John Christian Fjellestad
I recently spoke with an international group of leading law firms about the existential crisis facing the legal profession. It seems to have three main factors and one big cause. Firstly, BigLaw is being challenged by the Big 4. Where legal advice affects business operations and decision-making, the Big 4 consultancies are muscling in on the action. PwC Legal for example, has over 8,000 lawyers and will likely look to generate $1bn in revenues soon. The Big 4 are already plugged into boardrooms, embedded in business processes that are critical to the governance of a business and are naturally fluent in the language of business.
Secondly, new technology is driving a commoditisation of the services on which law firms have relied for years both to sustain fees and as a training ground for new lawyers. Decisions which relate to compliance with law and are effectively binary (yes or no), can be made by paralegals from a computer. Soon, they will be made by the computer.
Thirdly, the mindset of lawyers is changing. More people are questioning why they should spend their lives working 12 hour days, locked in airless rooms, arguing over legal abstractions, often with people they dislike intensely, in the hope that one day they might become a partner. It’s not the attraction it once might have been. Many are leaving law firms to become in-house counsel, or are joining the ‘gig economy’, becoming freelancers for firms such as LawyersDirect. Or they are quitting the law profession altogether. The supply chain, as it were, for legal firms is under threat.
The one big cause behind all this is the combination of technological and social changes that have occurred over the last 10-15 years. These changes are driving greater transparency and accountability regarding fee structures and performance, putting pressure on pricing. They are affecting how people want to and can work and are risking a talent drain. They are changing what a law firm is. So how to address this existential crisis? Here are two answers. One is strategic, one is also existential.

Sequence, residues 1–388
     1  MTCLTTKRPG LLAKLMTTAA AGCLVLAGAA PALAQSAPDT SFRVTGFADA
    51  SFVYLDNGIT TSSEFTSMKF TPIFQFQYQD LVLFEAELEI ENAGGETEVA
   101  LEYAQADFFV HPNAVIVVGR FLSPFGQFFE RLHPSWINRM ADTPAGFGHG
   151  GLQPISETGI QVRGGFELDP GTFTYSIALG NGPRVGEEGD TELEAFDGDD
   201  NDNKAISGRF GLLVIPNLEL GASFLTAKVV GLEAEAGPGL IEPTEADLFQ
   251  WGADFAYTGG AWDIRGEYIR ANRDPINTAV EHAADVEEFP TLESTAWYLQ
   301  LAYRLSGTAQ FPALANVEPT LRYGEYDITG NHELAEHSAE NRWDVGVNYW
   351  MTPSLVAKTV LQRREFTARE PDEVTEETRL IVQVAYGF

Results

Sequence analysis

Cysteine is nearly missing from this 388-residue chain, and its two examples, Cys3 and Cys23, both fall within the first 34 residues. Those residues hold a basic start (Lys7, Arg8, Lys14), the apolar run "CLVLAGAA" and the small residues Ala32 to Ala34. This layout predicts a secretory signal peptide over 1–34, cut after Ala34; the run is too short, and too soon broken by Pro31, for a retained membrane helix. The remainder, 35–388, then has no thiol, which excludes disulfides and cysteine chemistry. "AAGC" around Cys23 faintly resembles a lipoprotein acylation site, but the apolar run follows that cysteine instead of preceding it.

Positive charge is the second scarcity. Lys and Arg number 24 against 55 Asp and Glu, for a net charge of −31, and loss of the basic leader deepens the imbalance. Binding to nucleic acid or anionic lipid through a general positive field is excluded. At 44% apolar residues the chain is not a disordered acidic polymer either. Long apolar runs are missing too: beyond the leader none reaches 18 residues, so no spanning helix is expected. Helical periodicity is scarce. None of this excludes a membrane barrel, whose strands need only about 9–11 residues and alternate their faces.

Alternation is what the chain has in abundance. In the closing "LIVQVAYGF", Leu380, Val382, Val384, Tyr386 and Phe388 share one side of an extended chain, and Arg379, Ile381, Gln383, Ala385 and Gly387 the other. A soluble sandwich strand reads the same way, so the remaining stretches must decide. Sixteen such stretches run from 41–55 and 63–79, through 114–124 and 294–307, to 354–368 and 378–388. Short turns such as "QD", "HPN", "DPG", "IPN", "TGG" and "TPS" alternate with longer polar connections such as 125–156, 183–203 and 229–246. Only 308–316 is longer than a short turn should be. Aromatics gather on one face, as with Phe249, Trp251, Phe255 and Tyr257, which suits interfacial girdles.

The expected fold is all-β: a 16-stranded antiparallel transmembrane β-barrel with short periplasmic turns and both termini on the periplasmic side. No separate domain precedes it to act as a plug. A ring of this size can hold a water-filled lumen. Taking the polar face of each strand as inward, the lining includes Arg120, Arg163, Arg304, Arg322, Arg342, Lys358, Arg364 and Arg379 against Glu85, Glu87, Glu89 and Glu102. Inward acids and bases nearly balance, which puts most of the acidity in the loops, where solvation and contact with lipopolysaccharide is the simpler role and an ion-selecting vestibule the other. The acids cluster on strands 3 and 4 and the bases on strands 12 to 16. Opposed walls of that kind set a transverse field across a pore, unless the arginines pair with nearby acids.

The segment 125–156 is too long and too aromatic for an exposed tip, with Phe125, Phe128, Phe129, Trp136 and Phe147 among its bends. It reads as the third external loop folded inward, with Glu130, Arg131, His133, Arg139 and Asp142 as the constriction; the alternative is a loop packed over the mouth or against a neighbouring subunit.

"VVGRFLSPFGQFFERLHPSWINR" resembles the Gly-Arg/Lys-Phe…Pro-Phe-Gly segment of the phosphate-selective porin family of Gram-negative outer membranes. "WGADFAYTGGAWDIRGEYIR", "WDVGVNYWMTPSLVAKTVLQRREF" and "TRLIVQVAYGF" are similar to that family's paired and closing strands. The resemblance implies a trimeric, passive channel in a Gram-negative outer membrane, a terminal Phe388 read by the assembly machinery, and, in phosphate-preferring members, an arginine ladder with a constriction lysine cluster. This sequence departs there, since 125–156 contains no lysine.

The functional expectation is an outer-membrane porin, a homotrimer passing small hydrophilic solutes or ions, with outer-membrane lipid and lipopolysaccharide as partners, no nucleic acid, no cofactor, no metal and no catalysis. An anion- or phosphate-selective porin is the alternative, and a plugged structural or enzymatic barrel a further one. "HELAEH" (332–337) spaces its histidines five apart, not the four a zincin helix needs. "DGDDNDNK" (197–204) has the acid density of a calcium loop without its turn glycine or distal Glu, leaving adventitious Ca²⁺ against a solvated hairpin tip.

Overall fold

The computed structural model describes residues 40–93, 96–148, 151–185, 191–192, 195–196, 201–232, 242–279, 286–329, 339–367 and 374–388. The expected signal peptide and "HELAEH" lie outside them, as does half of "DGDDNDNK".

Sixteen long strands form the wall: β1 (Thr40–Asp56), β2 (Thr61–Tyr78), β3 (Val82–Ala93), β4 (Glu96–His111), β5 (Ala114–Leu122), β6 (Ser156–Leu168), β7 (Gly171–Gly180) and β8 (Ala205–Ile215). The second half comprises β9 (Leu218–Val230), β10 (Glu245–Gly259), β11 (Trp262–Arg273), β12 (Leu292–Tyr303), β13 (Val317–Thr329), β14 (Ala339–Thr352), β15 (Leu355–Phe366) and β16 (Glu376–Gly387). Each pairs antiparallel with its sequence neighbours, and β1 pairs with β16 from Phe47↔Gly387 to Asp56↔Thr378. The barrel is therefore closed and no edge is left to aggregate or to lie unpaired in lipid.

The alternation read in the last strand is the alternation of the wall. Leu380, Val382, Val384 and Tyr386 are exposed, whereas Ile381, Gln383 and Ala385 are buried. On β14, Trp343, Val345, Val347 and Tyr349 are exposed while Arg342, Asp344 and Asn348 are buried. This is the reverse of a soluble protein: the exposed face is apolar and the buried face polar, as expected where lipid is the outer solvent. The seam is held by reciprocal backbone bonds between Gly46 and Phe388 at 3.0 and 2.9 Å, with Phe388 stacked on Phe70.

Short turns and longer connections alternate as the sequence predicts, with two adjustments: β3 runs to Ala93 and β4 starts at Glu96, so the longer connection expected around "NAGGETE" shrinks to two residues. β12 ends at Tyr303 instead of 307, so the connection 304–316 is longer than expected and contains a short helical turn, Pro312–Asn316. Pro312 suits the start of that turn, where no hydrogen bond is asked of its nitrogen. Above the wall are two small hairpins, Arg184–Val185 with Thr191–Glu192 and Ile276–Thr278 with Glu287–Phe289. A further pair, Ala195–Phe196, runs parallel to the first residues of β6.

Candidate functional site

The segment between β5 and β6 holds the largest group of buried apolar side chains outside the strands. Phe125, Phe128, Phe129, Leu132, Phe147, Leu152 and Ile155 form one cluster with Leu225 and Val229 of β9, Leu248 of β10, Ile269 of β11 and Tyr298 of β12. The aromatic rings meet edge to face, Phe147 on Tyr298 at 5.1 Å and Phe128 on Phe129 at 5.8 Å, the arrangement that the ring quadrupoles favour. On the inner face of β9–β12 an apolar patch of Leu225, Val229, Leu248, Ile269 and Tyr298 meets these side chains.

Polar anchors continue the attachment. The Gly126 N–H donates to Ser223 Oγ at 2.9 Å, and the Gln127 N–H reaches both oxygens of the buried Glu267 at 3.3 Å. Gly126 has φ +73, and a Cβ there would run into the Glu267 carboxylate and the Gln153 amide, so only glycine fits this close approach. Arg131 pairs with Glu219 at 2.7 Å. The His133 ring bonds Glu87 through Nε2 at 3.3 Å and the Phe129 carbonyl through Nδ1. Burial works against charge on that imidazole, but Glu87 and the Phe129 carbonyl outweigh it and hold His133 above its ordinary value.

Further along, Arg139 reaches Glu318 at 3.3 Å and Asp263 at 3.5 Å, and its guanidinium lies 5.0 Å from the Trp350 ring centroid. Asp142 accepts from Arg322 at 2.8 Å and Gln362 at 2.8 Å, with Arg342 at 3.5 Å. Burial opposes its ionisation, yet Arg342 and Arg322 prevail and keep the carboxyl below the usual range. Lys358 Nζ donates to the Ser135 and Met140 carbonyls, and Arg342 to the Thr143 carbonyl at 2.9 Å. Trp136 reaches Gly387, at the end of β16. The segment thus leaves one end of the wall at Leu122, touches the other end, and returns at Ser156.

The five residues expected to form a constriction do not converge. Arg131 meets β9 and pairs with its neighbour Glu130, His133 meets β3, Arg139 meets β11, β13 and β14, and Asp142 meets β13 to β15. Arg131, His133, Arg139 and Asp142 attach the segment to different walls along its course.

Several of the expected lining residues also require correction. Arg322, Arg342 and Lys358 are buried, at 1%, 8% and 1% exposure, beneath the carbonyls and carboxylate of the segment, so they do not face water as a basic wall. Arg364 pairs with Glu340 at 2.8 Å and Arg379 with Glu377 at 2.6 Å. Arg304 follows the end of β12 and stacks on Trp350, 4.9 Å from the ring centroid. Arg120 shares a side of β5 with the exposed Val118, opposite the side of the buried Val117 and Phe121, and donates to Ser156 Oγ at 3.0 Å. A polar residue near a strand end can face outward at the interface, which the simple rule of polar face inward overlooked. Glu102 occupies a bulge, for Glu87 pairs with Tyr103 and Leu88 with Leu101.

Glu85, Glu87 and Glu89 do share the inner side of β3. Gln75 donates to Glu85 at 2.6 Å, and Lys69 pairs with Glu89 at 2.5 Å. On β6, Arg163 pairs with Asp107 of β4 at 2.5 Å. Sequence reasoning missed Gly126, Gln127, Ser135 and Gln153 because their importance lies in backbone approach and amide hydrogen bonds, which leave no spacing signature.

The strategic answer is to choose between 3 options:
1. Go big. If the Big 4 are muscling in, then one strategy is to get bigger. Big law firms are nowhere near as global as the Big 4 consultancies. They may have a few centres of excellence and then a patchier international offering. By consolidating – merging or acquiring – they can scale up to the size they need, and the scope required for big global mandates.
2. Become a trusted business advisor. If there’s little value in the procedural and compliance law work, then the money might be made in positioning your legal expertise as business critical advice. In a world where the source of value is ideas, innovation and technology, which are all underpinned by legal rights, then understanding the law becomes vital to business. In sports, entertainment, leisure, technology, knowing what you can do legally and what your business strategy should be, is intertwined. It’s no surprise that one of the biggest sports and entertainment agencies, IMG, was established by a lawyer, Mark McCormack.
3. Adopt agility. If you can’t go big and if you lack the desire to be a business advisor, then focusing on an agile business model is probably the best bet. Respond swiftly, economically and effectively to clients’ needs, using technology that allows flexibility for your firm and your employees. Lewis Silkin one of the UK’s top law firms has created Rockhopper, a dedicated employment law business which offers speedy advice from highly qualified lawyers by phone or web, cost-effectively. It has grown quickly and has enhanced not cannibalized the overall law firm’s business. It’s worth noting that PwC are also thinking on these lines by launching its Flexible Legal Resources.
Of course if you can do all three, then the future may well be yours to own. But that would take a very special kind of law firm.
Greater sense of purpose
The second answer underpins any of the 3 choices above. It’s the existential one. Why are you here anyway? Law firms must discover (or rediscover) and articulate a greater sense of purpose than making more partners more wealthy. That purpose needs to connect with an ethos about the law and with a sense of contribution to society that being part of a law firm could make. Above all, it must be translated into ‘hard practices’: tough choices about what type of work the firm does, who it will and will not work for, humane, fair and equal ways of working and where and how it invests the money it makes. It’s not a CSR programme. It’s a company’s cause and culture.
My biggest lesson from talking with those highly talented law firms is this: becoming a partner is not the purpose that will motivate many lawyers for much longer. Doing something they believe in and in a way that benefits the world and suits them, that’s the purpose they will seek. That’s what law firms must practice.